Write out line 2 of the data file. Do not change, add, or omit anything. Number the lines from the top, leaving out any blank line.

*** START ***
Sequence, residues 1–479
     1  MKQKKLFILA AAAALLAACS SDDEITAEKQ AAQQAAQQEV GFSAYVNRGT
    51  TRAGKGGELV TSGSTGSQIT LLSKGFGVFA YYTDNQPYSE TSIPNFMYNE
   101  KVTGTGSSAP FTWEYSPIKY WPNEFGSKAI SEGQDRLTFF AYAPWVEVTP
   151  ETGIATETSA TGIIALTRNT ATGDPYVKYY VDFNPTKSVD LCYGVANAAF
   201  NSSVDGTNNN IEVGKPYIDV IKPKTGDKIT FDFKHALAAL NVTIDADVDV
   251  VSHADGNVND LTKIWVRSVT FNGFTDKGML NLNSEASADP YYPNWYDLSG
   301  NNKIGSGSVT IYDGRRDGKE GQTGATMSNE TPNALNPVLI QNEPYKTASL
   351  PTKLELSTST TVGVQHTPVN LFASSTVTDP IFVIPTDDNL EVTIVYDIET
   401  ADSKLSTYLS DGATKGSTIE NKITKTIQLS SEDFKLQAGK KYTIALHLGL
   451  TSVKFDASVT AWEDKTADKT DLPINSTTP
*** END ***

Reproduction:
     1  MKQKKLFILA AAAALLAACS SDDEITAEKQ AAQQAAQQEV GFSAYVNRGT